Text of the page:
In its second half, it sort of pivots to become “A Nightmare On Elm Street” – McGregor realises he’s a figment of their psychosis but still wants to kill them both, over and over again, as “death doesn’t exist here”, and even decides that if they can visit him, he can visit them; and Trent and Jim start arming and preparing themselves for battle over in the dream-Vietnam, figuring that if the injuries they get over there transfer themselves back to the real world, then they can rescue their friend and bring him out too.

I’m not sure it’s all that good a movie, but it’s interesting in a way that a more big-budget movie might not be, as it feels very personal. If Prior had to go through anything like this in Vietnam, then I feel deeply sorry for him (while still appreciating the USA should never have been there in the first place), but the repeated use of these tropes in his movies goes beyond just wanting to get it right and goes into the idea that he can’t get past those images. I have to assume his friends at A.I.P were going, “hey David, want to try some different genres? I think we’re good for dark Vietnam stories for a few years, thanks”.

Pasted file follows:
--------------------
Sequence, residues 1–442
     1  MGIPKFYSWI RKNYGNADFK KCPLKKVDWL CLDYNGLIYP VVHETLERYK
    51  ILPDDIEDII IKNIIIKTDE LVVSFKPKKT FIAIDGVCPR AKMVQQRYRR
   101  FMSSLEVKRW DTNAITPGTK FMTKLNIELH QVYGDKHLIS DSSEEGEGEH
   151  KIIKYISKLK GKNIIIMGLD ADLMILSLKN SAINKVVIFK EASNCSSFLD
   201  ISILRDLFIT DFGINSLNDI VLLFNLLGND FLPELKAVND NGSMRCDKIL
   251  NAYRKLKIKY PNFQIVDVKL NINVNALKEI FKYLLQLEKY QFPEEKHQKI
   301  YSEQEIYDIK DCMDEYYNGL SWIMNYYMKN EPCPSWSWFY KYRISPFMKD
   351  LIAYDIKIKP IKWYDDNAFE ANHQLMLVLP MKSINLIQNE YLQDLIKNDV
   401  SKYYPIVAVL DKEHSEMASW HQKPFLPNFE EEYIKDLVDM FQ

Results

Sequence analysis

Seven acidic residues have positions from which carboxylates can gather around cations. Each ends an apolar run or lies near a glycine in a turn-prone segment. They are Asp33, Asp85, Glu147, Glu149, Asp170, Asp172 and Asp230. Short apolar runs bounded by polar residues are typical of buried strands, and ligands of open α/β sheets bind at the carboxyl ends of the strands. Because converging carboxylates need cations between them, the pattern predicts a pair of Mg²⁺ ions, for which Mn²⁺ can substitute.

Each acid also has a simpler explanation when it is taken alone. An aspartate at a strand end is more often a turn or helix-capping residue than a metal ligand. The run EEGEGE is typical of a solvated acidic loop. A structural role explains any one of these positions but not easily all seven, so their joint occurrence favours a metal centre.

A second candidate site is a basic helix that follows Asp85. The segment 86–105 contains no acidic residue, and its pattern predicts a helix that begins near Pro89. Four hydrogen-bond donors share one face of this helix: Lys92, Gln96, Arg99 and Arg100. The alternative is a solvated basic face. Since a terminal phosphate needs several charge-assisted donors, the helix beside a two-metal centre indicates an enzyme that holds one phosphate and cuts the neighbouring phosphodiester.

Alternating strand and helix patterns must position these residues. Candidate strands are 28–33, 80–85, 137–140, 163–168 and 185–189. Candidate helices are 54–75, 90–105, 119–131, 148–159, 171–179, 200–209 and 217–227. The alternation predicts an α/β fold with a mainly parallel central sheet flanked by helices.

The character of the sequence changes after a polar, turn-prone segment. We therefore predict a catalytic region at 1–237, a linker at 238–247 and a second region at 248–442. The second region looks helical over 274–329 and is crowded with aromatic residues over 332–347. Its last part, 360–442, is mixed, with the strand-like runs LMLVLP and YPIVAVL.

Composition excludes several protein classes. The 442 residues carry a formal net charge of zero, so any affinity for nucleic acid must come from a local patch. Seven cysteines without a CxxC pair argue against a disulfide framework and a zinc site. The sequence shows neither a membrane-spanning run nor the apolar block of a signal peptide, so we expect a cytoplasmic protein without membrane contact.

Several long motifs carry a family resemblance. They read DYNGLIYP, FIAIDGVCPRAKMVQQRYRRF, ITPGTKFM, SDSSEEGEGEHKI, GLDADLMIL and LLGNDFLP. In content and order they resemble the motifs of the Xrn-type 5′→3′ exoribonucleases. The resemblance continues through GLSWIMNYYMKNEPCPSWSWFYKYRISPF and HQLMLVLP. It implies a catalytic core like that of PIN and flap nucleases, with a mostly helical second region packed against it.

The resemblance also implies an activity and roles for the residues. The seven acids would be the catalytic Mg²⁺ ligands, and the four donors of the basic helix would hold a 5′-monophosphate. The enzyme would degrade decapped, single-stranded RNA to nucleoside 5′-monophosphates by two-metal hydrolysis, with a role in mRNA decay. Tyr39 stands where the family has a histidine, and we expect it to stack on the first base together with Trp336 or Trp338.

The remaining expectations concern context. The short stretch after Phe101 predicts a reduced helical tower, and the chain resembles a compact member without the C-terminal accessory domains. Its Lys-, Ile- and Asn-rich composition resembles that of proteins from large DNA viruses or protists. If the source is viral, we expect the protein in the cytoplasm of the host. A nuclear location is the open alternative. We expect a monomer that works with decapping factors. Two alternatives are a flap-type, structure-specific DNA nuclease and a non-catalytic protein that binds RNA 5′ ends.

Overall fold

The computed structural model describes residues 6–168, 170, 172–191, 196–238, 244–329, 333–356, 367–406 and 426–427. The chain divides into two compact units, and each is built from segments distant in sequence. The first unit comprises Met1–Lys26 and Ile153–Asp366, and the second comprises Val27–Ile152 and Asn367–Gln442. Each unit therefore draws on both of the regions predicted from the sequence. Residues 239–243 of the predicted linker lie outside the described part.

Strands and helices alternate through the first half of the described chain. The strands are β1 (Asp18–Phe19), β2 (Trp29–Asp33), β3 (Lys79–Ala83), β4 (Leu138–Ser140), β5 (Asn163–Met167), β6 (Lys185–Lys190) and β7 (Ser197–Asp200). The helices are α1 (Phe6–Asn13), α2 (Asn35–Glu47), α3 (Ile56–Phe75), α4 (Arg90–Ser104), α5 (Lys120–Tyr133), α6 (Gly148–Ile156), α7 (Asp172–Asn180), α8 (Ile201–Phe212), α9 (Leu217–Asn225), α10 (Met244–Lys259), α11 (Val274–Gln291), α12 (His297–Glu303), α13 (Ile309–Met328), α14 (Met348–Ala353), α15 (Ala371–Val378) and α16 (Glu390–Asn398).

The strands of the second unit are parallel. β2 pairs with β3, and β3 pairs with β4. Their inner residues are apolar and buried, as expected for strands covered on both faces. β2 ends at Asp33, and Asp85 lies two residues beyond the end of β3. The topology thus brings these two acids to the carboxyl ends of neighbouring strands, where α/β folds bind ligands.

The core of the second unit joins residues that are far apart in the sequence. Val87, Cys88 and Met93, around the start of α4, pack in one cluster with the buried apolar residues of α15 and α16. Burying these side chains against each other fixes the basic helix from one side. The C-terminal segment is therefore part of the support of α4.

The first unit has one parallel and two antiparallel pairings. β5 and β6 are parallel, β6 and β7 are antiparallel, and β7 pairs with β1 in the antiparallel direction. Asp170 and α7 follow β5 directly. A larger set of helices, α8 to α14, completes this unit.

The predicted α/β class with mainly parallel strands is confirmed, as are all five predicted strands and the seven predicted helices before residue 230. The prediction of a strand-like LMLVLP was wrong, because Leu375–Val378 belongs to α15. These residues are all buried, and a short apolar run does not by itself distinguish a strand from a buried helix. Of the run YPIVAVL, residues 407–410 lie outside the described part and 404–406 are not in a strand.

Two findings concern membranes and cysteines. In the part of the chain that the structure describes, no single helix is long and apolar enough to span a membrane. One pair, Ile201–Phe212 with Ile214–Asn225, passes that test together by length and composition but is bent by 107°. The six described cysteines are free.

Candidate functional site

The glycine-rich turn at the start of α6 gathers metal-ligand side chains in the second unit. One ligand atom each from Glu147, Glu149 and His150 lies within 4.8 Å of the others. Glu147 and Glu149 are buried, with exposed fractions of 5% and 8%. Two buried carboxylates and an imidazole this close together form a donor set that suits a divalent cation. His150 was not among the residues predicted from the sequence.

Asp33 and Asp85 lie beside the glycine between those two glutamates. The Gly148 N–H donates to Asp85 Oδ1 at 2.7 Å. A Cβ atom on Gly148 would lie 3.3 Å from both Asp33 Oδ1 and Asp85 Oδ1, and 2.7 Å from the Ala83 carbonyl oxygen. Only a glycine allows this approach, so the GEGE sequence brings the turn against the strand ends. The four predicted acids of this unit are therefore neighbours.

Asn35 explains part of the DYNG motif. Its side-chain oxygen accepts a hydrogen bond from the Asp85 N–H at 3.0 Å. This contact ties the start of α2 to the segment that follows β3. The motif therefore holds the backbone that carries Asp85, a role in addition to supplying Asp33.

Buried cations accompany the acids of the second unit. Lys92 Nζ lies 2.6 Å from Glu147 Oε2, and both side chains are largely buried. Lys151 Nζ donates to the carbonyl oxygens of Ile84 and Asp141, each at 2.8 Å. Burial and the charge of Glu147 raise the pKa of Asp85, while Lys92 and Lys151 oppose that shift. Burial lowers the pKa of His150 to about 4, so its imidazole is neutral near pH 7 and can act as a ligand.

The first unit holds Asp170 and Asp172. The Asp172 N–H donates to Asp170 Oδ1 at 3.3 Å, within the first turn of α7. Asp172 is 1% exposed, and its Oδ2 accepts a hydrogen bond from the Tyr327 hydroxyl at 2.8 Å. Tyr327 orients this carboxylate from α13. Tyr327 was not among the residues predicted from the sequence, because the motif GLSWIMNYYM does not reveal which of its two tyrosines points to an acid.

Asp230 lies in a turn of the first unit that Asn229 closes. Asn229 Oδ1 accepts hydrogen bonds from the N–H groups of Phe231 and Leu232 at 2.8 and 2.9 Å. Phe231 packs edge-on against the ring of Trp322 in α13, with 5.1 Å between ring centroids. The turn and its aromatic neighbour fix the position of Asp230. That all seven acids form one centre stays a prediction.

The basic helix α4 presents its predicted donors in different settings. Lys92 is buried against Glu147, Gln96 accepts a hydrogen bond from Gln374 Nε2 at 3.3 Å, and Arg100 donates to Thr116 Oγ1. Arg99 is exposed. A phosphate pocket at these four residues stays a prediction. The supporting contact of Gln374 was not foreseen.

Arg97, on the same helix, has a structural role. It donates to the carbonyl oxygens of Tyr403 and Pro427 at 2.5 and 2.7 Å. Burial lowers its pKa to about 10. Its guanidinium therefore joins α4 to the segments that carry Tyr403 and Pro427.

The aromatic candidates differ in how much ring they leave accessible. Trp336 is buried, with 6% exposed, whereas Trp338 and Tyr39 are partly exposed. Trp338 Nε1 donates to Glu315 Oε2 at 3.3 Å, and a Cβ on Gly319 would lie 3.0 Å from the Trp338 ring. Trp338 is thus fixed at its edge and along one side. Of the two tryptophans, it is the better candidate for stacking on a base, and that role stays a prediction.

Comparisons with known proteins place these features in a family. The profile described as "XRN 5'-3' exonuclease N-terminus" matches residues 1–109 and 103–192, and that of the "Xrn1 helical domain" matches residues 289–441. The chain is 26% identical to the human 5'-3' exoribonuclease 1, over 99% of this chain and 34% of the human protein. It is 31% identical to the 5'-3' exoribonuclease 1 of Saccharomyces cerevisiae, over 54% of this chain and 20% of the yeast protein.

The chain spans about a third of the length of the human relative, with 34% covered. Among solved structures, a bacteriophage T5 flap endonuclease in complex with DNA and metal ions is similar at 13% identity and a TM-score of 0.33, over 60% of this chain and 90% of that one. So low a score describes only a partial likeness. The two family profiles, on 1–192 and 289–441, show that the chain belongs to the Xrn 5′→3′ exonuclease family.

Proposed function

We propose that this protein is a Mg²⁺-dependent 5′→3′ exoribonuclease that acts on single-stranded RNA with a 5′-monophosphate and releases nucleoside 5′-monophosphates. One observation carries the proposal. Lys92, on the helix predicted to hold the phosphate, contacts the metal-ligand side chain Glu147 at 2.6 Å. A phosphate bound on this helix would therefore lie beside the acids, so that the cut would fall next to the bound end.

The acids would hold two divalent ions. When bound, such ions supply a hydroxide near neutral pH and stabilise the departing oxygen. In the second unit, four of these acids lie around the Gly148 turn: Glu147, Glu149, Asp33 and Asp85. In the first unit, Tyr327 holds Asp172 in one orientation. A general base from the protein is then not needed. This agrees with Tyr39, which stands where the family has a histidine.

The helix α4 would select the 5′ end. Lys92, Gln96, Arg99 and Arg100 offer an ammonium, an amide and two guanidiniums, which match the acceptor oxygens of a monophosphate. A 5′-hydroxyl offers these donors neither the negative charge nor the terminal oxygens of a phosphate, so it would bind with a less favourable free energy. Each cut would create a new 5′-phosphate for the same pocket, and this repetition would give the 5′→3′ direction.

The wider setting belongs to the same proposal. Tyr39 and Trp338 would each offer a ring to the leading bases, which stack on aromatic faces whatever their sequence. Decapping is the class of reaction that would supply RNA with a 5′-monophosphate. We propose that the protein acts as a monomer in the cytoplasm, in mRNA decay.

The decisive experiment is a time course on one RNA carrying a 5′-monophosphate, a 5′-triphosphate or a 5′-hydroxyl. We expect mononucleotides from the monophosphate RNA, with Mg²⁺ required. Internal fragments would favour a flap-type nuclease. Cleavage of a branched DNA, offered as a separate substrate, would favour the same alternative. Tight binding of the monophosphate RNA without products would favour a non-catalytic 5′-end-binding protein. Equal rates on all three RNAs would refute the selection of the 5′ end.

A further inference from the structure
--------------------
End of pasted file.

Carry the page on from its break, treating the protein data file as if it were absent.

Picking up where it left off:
While budgets are obviously a concern, with Vietnam still looking like the Alabama backwoods it was undoubtedly filmed in, there’s some visual fun, like the juxtaposition of the grotty jungle camp with the flowery bedroom the two men are performing their sleep experiments in; and of course, the old ISCFC favourite, the

WOODEN GUARD TOWER!

As we all know, it only has two variations – it either gets blown up (because if you make a movie, you don’t build a wooden guard tower for the hell of it) or someone gets shot out of it and tumbles to their just-off-camera-crash-mat death. This is version B, and I’m glad to see it.

Just because something’s earnestly made, doesn’t necessarily make it enjoyable to watch, and it’s safe to say that “Night Wars” isn’t going to be in anyone’s top 10 war movies list. But, it’s different. It has a twist-ish ending that you’ll never see coming, and the way it messes with reality is quite interesting too.